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Nonlinear Processes in Geophysics An interactive open-access journal of the European Geosciences Union
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Volume 20, issue 5
Nonlin. Processes Geophys., 20, 605-620, 2013
https://doi.org/10.5194/npg-20-605-2013
© Author(s) 2013. This work is distributed under
the Creative Commons Attribution 3.0 License.
Nonlin. Processes Geophys., 20, 605-620, 2013
https://doi.org/10.5194/npg-20-605-2013
© Author(s) 2013. This work is distributed under
the Creative Commons Attribution 3.0 License.

Research article 11 Sep 2013

Research article | 11 Sep 2013

Multifractal properties of embedded convective structures in orographic precipitation: toward subgrid-scale predictability

M. Nogueira1,2, A. P. Barros2, and P. M. A. Miranda1 M. Nogueira et al.
  • 1Instituto Dom Luiz, University of Lisbon, Lisbon, Portugal
  • 2Pratt School of Engineering, Duke University, Durham, North Carolina, USA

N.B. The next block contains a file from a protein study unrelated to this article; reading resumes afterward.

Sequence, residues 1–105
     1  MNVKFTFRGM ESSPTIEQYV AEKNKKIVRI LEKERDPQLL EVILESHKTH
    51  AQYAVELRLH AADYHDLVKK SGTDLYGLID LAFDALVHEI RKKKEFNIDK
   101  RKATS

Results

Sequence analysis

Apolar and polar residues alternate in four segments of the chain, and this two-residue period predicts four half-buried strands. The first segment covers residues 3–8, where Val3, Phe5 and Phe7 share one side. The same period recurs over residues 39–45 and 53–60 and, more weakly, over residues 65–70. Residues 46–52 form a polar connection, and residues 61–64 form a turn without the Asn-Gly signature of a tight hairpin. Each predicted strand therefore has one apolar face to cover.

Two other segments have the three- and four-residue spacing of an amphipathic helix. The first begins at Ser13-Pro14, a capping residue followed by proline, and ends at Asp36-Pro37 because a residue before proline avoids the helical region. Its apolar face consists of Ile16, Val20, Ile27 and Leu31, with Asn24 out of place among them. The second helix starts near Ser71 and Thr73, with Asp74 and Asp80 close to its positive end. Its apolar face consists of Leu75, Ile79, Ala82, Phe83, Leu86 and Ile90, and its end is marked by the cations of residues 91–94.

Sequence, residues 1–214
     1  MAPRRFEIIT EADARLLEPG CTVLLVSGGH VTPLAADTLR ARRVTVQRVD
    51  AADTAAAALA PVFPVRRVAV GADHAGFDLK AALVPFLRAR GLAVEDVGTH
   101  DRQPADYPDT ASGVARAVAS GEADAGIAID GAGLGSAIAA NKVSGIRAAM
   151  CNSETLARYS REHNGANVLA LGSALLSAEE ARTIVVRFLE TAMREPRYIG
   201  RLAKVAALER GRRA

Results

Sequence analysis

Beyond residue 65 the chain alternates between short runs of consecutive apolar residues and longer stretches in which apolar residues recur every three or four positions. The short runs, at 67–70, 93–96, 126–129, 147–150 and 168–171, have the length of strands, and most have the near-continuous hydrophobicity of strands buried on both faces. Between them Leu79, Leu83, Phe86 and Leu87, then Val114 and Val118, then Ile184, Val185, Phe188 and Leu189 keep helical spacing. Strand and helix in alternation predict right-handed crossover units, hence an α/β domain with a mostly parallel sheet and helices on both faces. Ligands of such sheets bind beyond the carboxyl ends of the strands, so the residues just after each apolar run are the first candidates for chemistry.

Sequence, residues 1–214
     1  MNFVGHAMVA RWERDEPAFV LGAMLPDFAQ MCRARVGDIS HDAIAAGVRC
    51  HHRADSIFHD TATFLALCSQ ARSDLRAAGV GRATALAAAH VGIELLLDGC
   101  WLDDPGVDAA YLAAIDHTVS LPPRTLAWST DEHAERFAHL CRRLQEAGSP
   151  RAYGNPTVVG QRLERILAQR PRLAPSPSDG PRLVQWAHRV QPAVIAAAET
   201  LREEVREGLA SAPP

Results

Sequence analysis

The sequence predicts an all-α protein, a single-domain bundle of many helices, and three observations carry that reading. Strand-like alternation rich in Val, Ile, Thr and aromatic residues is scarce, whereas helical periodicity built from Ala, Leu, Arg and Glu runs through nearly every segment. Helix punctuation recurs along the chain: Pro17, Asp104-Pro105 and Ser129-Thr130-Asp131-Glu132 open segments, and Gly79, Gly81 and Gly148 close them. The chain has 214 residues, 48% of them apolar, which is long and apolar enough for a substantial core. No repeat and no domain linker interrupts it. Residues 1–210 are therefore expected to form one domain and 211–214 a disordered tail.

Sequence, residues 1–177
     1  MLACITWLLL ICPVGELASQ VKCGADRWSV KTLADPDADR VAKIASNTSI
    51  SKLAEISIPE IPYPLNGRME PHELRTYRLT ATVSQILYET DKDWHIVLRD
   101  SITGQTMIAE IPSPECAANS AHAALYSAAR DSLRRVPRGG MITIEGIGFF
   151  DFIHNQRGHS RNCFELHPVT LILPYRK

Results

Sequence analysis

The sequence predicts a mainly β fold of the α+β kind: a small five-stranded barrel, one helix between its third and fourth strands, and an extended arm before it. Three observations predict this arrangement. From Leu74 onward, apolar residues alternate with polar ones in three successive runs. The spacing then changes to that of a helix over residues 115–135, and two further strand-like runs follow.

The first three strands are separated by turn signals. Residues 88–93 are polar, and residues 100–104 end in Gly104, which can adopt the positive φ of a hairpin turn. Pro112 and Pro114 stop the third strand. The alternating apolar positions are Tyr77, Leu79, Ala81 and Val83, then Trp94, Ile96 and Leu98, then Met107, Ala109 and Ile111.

Abstract. Rain and cloud fields produced by fully nonlinear idealized cloud resolving numerical simulations of orographic convective precipitation display statistical multiscaling behavior, implying that multifractal diagnostics should provide a physically robust basis for the downscaling and sub-grid scale parameterizations of moist processes. Our results show that the horizontal scaling exponent function (and respective multiscaling parameters) of the simulated rainfall and cloud fields varies with atmospheric and terrain properties, particularly small-scale terrain spectra, atmospheric stability, and advective timescale. This implies that multifractal diagnostics of moist processes for these simulations are fundamentally transient, exhibiting complex nonlinear behavior depending on atmospheric conditions and terrain forcing at each location. A particularly robust behavior found here is the transition of the multifractal parameters between stable and unstable cases, which has a clear physical correspondence to the transition from stratiform to organized (banded and cellular) convective regime. This result is reinforced by a similar behavior in the horizontal spectral exponent. Finally, our results indicate that although nonlinearly coupled fields (such as rain and clouds) have different scaling exponent functions, there are robust relationships with physical underpinnings between the scaling parameters that can be explored for hybrid dynamical-statistical downscaling.

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